Towcar review: Renault Kadjar

The Renault Kadjar is a practical, mid-sized SUV. In this test Lesley Harris looks at the 1.5-litre, S Edition Blue dCi 115 model.

The Kadjar is a mid-sized family SUV which nestles between the smaller Captur and larger Koleos in Renault’s range. At first glance it appears to be pretty much everything a practical SUV should be but how does it fare against rivals in the class? I put the 1.5-litre, S Edition Blue dCi 115 through its paces to find out. 


In 2018 the Kadjar had a very slight facelift, which incorporated a few exterior tweaks, interior upgrades and engine updates. The exterior – which was already more fluid and stylish than its boxy Nissan Qashqai cousin – has new front and rear LED indicators, a revamped bumper with chrome detailing and rectangular LED fog lights. 

There are just four trim levels – Play, Iconic, S Edition and GT Line – with climate control, cruise control with speed limiter, rear parking sensors and a 7-inch touchscreen with smartphone integration all standard across the range. Iconic trim benefits from rear camera, lane departure warning and sat-nav, while our S Edition gets a fixed glass panoramic sunroof and front and rear skid plates, giving it a more rugged look. You’ll have to fork out for the top-spec GT Line if you want blind-spot warning, leather upholstery, hands-free parking and heated seats.  

The interior isn’t what you would call eye-catching but it’s well laid out, with some nice soft-touch materials, and smart blue stitching gives it a lift. The climate control dials feature smart digital read-outs, and are clear and easy to use. Renault has done away with physical buttons for the multimedia screen.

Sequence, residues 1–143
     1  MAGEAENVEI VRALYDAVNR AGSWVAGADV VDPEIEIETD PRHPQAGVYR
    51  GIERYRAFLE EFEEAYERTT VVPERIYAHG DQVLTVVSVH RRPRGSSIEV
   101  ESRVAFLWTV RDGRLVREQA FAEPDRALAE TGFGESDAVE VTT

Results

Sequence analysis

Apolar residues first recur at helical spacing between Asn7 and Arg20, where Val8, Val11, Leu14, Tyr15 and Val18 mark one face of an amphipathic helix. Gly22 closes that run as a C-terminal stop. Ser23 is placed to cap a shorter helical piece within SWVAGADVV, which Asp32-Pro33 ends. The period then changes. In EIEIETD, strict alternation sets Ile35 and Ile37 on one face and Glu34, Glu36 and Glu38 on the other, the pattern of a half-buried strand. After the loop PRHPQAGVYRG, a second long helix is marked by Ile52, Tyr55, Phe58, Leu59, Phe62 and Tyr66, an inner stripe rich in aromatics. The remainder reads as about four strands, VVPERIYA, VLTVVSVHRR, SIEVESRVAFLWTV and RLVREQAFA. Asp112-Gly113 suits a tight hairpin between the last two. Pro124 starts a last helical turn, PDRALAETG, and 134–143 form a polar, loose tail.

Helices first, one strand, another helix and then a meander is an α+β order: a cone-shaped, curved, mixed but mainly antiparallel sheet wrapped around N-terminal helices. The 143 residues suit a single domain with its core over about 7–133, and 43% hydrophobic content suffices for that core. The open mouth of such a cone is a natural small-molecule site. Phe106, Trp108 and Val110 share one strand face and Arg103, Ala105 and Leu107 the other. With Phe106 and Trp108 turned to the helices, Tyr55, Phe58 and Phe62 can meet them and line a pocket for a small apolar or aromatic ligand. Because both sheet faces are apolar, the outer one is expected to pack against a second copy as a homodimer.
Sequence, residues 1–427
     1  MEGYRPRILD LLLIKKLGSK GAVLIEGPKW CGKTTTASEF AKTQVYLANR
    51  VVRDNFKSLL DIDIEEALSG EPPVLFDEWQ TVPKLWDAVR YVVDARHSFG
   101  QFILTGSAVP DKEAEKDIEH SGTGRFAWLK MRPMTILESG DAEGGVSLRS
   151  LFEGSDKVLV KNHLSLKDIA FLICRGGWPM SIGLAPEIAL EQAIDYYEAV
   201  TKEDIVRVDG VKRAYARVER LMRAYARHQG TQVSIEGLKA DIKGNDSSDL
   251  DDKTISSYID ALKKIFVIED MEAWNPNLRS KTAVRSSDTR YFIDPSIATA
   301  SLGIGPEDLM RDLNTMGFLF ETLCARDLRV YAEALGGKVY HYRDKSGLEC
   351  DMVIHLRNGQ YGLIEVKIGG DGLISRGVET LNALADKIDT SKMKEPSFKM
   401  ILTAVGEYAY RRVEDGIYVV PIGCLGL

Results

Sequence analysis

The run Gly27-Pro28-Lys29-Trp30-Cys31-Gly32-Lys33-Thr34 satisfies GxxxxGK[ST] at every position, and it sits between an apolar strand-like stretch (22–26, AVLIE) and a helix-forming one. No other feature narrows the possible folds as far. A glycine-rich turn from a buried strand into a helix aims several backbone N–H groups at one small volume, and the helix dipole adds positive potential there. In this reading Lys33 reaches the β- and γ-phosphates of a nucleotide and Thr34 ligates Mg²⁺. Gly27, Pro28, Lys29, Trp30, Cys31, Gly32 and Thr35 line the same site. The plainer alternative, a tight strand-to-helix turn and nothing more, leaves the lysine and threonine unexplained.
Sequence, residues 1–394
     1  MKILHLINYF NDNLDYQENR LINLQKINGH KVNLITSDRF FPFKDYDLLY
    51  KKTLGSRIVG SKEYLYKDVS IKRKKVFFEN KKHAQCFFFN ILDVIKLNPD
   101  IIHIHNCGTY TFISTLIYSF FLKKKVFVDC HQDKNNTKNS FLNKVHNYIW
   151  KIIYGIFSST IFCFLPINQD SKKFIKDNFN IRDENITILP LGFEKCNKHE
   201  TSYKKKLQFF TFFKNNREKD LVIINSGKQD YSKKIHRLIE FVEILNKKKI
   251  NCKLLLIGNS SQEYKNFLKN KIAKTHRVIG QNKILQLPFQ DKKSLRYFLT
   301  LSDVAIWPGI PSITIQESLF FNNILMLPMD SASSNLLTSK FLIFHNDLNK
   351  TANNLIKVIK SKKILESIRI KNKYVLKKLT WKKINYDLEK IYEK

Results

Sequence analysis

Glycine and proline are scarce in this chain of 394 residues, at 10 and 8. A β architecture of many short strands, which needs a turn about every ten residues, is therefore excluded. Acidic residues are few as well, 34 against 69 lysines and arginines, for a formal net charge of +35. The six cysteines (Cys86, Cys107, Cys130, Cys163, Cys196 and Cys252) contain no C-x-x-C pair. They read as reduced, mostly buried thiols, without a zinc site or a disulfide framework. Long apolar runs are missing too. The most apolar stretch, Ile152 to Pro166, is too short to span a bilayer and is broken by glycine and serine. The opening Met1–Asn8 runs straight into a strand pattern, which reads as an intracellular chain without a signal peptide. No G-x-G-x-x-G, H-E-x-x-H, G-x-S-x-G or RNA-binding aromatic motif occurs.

The touchscreen looks nice but isn’t as user friendly as some rivals’, with shortcut keys strangely located on the passenger side. That said, it’s easy to operate and smartphone mirroring is standard across the range.

The faux leather seats are well bolstered and really rather comfortable. But although there is manual height and lumber adjustment, I felt I was perched too high on even the lowest setting.  

The glovebox and large central cubby offer decent amounts of storage space but, disappointingly, the door bins are small and the tiny cup holders are precariously positioned between the central armrest and the gear lever.

Passengers in the back enjoy plenty of leg and headroom. The transmission tunnel is fairly small but three adults sitting abreast  might feel a little squashed.

Isofix fixings are located on both outer seats, and the pull-down armrest features two small cup holders. Meanwhile, there are enough charging points to keep everyone’s devices topped up.


This 1.5-litre engine puts out 113bhp – it’s not going to set any pulses racing but the Kadjar is a decent, car to drive. Our six-speed manual kept up with motorway traffic nicely and cruised easily at 70mph. However, lift off slightly and it loses pace quickly, meaning you have to work the gearbox to regain momentum. (Renault also offers a seven-speed auto). The ride is comfortable and the suspension does a good job of absorbing most lumps and bumps. Driving in town is a doodle, thanks to the light steering, high driving position and great all-round visibility, while on twistier roads the Kadjar does a good job of keeping itself in check, and there’s surprisingly very little body roll when cornering. 


A pull-cord in the boot deploys the towbar but sadly it took three people to work out how to operate it, with the handbook offering no clues. Brute force is needed – give the cord a really good yank and the bar drops down. 

The boot is a good, square shape and is a decent size at 472-litres (rising to 1,478 litres with seats folded). The seats fold easily courtesy of handy levers, creating a flat load-bay, and, with no lip, sliding luggage in is easy. There’s also stowage space under the floor.


The Kadjar is a good, all-round family SUV that is practical and prioritises comfort. Those who tow more often may find the GT Line, available with a more powerful 1.7-litre engine and four-wheel drive, more suitable.